The Grand Budapest Hotel Film Review
A story about the past allows you to revisit a magical time that feels better than the present simply because the past has meaning that you can see. Wes Anderson tells the tale of famous concierge M. Gustave and his adventures with lobby boy Zero Moustafa, through the words of an old Moustafa, in his latest picture, the Grand Budapest Hotel. A talented cast, including Ralph Fiennes, Tilda Swinton, Willem Dafoe, Adrien Brody, Saoirse Ronan, and newcomer Tony Revolori, fill in the quirky characters birthed by Anderson.
Anderson has made another beautifully crafted film that manages to be magical and realistic in it’s own way. It’s filmed with a 1940s flair with a quirky “keep calm” and run along style that only Wes Anderson can pull off. Beautiful tracking shots are sprinkled throughout the film, which is fitting for Anderson, and helps the film move at a brisk pace. The script, based off a story by Stefan Zweig, is comical, violent, and touching; in fact, it’s Anderson’s most action-packed outing so far. Concierge Gustave is framed for the murder of his elderly wife, Madame D, by Madame’s D’s devious son Dmitri, and the layered story takes flight from there. The quirky characters are played wonderfully by a talented cast, bringing the script to life.
Ralph Fiennes takes center stage as M. Gustave, the famous concierge of the Grand Budapest Hotel, with a humble, kind demeanor and a taste for older women. He keeps the hotel running efficiently, making sure the guests feel welcome in a genuine way. Gustave is a quirky, neat character, but Fiennes gives him a soul to take him past being just quirky. M. Gustave is a man that represents a past that ceases to exist. Tony Revolori, who plays Zero Moustafa, Gustave’s lobby boy and protege, has good chemistry with Fiennes. Fiennes shines, and Revolori keeps up rather well with him and the rest of the all-star cast.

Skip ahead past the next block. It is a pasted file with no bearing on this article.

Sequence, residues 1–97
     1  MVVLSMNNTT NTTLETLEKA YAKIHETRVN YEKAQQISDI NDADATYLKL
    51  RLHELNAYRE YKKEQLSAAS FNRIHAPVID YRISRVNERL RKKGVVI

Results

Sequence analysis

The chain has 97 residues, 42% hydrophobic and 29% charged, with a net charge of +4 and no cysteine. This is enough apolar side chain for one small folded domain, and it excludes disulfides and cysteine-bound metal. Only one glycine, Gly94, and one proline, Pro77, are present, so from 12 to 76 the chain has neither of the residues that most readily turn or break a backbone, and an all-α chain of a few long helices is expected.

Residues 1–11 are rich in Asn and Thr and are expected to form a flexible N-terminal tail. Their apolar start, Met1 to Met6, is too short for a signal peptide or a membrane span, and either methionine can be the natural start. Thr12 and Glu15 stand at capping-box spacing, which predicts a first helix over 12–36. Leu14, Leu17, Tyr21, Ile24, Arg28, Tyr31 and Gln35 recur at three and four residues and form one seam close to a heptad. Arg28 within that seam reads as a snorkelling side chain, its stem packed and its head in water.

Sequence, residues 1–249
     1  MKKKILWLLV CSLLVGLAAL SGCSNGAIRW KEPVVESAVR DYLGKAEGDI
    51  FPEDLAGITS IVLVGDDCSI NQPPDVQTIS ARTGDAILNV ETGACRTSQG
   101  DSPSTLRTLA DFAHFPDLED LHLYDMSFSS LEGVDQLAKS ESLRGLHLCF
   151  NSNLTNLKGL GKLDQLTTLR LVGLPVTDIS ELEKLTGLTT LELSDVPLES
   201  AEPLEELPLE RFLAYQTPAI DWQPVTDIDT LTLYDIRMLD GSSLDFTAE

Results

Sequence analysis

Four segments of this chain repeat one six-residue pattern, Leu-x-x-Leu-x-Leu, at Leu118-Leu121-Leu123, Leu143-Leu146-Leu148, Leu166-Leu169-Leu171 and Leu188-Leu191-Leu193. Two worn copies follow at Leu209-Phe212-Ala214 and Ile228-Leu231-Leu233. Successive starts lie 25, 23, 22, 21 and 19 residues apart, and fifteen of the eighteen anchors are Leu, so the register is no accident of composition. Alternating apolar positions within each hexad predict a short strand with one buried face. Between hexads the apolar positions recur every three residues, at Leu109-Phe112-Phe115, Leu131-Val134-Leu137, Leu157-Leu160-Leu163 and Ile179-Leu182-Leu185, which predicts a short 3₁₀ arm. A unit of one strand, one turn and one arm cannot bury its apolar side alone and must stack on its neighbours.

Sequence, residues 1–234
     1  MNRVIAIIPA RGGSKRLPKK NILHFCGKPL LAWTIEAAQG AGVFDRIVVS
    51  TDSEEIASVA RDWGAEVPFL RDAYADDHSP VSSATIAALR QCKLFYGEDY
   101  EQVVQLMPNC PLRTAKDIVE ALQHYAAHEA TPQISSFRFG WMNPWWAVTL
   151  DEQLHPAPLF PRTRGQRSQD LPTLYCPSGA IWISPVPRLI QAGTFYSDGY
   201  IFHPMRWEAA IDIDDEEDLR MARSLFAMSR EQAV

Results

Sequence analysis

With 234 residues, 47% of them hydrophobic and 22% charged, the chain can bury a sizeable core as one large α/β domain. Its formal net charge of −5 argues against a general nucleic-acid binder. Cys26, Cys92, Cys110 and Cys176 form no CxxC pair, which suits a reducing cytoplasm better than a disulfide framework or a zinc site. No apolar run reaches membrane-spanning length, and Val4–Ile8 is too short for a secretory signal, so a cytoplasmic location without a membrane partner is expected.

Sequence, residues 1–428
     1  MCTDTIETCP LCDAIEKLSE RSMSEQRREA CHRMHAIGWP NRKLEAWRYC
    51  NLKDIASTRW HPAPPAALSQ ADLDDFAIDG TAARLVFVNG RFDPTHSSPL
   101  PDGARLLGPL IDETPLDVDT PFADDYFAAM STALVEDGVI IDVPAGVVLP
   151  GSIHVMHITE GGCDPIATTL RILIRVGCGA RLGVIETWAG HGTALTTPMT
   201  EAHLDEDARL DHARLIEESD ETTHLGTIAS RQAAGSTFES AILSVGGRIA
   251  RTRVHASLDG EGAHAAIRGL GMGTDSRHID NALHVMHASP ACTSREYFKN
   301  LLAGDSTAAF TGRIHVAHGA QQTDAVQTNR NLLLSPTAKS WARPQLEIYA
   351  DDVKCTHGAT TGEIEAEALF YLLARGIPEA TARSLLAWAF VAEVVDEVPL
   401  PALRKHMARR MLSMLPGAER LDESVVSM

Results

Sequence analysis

There are plenty of actors that make appearances in this film, including the usual suspects, Bill Murray and Owen Wilson, but one supporting actor that shines the most is Willem Dafoe. Dafoe plays Dmitri’s enforcer, and although he doesn’t say much, he perfectly potrays a darkly hilarious badass.
We always yearn for a better world, and for Zero Moustafa, the Grand Budapest Hotel was that world of yester-year, where everything was “better.” The good old days are preserved in the decay of a hotel that holds blissful memories for the old Moustafa, memories of his wife, of his most trusted friend M. Gustave, and of a different time that he preferred. We all have a Grand Budapest Hotel, and although we can’t stay there forever, it’s nice to remember the stay.
If you’re not a fan of Wes Anderson films and his quirky style, this movie won’t make you a fan. It’s slightly different in its pace and action, but everything else if comfortably the same. Just like a good amount of Anderson’s movies, there are several characters to juggle. Anderson juggles them well, but some viewers will have names mixed up or forgotten here and there; it’s just hard to keep track of everyone.
Anderson has enlisted the talents of Edward Norton and Adrien Brody, and they’ve worked well for him before in previous films, but in this film they just don’t fit quite as nicely. It seems like they could have done more within the story, but it kind of feels like they’re saying “hi, well, I’m here too!” when they’re on screen; however, it’s not that big of a drawback.
The Royal Tenenbaums
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